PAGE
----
1. Check everyone's passports once every six months.  You never know when you're going to be on the road and you don't want to discover one week before your ski trip in the Alps that your five year old's passport has expired!

2. Book appointments, dinners, babysitters, kids' clubs, lessons and playdates ahead of time.  This is especially true if you are going to be staying in a large city for any amount of time.  The time that you get to spend in the city is precious.  You don't want to waste hours sitting in an apartment or hotel room because you have no babysitter or because you would like the kids to do something but they've already been to the park today, the museum workshops are all full and your kids friends are in school.  You get the picture.  Plan as much as you can ahead of time.

3. Bring your own airplane food for the kiddies.  The Bambina won't touch airline food and I can't say I blame her.  Aside from having a stale, refrigeration-like taste, it's rarely food that I like and it's full of preservatives.

3. Bring entertainment for the luggage wait.  That Nintendo DS that you've been complaining about since last Christmas when your spouse insisted that your kid have one?  Well, thank your lucky stars it exists just for times like this!

4. Bring a car seat or book a weight- appropriate car seat from the car rental or taxi cab company.  Be sure to tell them that it must be already fully and correctly installed when the cab arrives to pick you up.  We have had the unfortunate incident of a taxi showing up with a brand new, weight-appropriate car seat - uninstalled - and with no manual to show how to install it.

5.  Think twice before you take an only child trekking in the mountains - or anything else that requires physical endurance.   Without the distraction of a playmate close in age to your little one, your child may start to complain that he or she is tired oh, about two minutes into the hike.  Hiking with another family has worked well for us.

The same goes for museums or art exhibits - unless you have a child who is particularly into cultural visits, he or she may quickly get bored and start to complain, thereby ruining the visit for everyone else .  Try to find another family with one or more children the same age for these kinds of visits.

6.  If you have an infant or toddler, bring a mei-tai baby carrier (Ergo, Kozy and Babyhawk are a few brands) on the trip with you, along with the stroller.  It's very handy during when boarding the plane, during a luggage wait and for walking in quaint towns with cobblestone roads that make pushing a stroller difficult.

I don't recommend carriers such as Baby Bjorn, as the baby's weight is on your shoulders rather than your hips, and they therefore only work for small babies (that and the fact that the baby is essentially being supported on its genitals...).

7. Pack a sweater for you and each child.  Always.  Even if it's a beach vacation in the Bahamas!

Bon voyage!

Tuesday, 19 October 2010

Bilingual babies are less easily confused

BBC news recently posted an article about a study showing that bilingual children are less likely to get mixed up when forced to multitask.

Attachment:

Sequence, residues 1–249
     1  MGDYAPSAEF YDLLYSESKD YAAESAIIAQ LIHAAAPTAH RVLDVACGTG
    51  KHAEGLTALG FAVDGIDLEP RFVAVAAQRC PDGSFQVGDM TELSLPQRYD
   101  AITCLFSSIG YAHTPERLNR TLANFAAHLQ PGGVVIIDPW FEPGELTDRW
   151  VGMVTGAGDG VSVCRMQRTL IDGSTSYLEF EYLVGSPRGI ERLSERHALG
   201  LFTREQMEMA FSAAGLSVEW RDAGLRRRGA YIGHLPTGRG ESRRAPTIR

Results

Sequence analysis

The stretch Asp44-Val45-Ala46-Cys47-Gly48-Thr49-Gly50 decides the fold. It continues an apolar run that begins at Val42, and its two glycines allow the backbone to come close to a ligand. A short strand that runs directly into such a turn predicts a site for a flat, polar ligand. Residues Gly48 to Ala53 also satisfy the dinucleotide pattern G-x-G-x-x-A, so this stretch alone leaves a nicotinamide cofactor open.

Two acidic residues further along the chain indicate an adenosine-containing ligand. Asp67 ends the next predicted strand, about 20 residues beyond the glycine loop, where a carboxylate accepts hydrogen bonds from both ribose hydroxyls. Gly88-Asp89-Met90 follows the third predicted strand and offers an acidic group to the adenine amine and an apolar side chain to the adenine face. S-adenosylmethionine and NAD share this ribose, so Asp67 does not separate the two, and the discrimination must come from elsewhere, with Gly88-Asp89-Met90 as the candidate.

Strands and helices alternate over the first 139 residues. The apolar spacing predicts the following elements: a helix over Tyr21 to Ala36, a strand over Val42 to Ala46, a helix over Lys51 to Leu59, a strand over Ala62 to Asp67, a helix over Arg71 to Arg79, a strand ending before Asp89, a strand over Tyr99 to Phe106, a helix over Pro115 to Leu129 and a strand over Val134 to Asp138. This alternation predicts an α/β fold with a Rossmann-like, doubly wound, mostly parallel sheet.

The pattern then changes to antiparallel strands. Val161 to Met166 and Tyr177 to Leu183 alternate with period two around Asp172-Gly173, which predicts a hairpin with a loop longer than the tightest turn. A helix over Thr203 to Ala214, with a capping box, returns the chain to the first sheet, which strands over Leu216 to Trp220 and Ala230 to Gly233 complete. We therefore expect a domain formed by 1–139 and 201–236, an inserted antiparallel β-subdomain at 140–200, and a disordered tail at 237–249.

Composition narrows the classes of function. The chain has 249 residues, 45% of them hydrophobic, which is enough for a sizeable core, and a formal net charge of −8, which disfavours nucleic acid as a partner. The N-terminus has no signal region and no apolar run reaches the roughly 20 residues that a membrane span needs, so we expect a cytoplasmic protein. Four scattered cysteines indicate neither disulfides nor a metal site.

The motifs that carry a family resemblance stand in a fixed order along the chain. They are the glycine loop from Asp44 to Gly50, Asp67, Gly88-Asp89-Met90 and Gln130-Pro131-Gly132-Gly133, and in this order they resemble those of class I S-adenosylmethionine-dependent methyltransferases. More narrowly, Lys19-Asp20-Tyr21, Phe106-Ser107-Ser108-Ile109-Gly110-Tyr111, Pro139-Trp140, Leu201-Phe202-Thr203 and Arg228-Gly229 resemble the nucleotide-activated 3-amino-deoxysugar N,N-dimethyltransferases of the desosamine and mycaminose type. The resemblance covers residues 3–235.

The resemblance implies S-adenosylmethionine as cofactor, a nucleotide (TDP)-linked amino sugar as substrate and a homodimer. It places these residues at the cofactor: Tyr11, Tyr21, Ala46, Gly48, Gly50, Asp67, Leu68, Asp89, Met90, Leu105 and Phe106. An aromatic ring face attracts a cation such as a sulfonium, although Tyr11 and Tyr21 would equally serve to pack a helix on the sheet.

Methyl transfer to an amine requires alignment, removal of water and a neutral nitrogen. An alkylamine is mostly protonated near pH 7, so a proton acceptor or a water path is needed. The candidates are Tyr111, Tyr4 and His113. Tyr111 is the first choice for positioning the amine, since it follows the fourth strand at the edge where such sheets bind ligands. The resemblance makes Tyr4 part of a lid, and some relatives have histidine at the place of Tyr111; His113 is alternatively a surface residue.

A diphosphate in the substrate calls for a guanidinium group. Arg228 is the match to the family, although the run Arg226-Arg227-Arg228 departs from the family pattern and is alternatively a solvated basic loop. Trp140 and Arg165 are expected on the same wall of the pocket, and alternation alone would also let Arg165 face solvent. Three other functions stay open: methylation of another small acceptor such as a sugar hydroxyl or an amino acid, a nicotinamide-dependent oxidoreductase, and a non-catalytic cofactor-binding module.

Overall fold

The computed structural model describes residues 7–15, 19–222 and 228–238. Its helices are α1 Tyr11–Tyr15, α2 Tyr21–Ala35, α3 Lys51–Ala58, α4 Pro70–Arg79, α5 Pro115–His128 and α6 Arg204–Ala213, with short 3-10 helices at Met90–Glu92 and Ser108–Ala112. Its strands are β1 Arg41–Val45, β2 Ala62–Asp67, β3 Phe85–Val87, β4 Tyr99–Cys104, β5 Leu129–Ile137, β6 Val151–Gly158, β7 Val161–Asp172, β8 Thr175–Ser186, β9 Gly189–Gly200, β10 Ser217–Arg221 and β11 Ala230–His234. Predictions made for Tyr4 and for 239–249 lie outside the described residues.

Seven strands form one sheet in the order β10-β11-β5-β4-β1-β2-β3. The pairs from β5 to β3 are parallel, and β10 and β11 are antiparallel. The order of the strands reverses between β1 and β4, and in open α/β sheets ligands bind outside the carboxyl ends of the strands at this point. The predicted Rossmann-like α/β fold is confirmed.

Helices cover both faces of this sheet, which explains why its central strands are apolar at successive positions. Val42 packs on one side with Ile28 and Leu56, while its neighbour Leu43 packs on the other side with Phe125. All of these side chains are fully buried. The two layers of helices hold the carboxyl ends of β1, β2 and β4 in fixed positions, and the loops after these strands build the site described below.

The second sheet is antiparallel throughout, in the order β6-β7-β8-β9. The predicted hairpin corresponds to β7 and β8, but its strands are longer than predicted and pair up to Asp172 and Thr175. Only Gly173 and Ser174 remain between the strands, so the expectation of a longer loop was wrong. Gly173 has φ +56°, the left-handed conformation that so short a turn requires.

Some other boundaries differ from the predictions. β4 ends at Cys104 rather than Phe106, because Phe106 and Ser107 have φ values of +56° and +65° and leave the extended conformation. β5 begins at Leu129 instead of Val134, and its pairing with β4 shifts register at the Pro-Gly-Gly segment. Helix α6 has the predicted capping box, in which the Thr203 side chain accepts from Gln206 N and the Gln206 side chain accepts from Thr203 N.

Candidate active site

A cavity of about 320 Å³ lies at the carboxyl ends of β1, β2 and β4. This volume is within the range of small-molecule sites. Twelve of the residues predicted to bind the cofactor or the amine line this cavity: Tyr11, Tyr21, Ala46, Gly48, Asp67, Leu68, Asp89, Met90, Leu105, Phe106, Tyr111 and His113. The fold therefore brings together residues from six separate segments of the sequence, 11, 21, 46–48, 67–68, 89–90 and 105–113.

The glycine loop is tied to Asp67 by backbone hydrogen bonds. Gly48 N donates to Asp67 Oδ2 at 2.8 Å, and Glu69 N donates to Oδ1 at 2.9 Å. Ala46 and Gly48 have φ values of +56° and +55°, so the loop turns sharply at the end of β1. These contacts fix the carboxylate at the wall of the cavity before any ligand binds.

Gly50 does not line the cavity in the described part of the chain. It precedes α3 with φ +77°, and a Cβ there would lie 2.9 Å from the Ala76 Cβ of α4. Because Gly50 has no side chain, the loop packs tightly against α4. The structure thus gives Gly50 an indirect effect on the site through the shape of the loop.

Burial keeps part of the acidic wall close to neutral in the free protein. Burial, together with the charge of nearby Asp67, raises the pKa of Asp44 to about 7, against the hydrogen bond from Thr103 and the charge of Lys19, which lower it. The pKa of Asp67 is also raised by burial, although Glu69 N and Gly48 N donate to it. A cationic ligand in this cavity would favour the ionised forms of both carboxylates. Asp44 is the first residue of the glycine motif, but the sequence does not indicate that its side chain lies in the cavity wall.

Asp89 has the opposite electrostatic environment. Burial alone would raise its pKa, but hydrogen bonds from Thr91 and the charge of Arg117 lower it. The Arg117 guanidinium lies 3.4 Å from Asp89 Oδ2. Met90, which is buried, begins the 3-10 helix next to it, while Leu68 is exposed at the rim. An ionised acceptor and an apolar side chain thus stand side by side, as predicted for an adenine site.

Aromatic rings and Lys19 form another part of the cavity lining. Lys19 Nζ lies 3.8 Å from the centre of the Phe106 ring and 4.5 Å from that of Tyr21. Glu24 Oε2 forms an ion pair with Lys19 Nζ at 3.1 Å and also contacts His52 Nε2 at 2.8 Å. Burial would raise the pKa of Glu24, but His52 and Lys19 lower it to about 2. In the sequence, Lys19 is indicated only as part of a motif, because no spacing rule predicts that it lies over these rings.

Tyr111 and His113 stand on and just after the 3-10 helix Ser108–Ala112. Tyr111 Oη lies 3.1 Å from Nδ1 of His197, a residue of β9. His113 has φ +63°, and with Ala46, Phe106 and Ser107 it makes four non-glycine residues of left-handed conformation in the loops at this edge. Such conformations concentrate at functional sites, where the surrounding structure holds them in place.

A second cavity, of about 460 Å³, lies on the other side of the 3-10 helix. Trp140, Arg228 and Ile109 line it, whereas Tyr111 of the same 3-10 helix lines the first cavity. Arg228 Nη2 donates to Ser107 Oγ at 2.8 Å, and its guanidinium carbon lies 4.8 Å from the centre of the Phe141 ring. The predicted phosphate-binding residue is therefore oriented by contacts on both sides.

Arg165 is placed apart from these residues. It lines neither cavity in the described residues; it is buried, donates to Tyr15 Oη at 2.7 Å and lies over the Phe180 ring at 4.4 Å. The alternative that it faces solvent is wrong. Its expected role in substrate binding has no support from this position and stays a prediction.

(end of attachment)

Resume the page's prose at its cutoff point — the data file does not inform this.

The original study was published in the Proceedings of the National Academy of Sciences.  The abstract describes the study as follows:

7-month-old infants, raised with 2 languages from birth, display improved cognitive control abilities compared with matched monolinguals. Whereas both monolinguals and bilinguals learned to respond to a speech or visual cue to anticipate a reward on one side of a screen, only bilinguals succeeded in redirecting their anticipatory looks when the cue began signaling the reward on the opposite side. Bilingual infants rapidly suppressed their looks to the first location and learned the new response. These findings show that processing representations from 2 languages leads to a domain-general enhancement of the cognitive control system well before the onset of speech.
Of course, the study only dealt with bilingual children who were exposed to two languages from birth, in a one-parent, one language environment.  It would be interesting to study children who were exposed first to one language from zero to three years and then to a second language from age three, as a result of language immersion at school, for example.

Thursday, 14 October 2010

Nestlé at it again

I have been meaning to post on this story for quite some time.   I have already written how Nestlé's Nido is harming African babies. Now I see that it's not just the Nido that's the problem.

A few months ago, I walked into a store that happens to be the official distributor for Nestlé products here in Tana.  I saw this display.

The idea was obviously to display ALL Nestlé products together.  The first thing that struck me was that the Nido had, once again, been placed in close proximity to the baby formula, Guigoz 1 and 2, but at least this time they were on different shelves.

Encircling the products was a yellow ribbon with a teddy bear decoration throughout and the following message:

 "Nestlé - pour une croissance saine".  

Translation: Nestlé: for healthy growth.   

Apart from Nido, Guigoz formula and baby cereal, the display contained Kit Kat, Choco Crunch cereal, and Quik chocolate powder.  All these products are supposed to be for "healthy growth".  Surely they must be joking.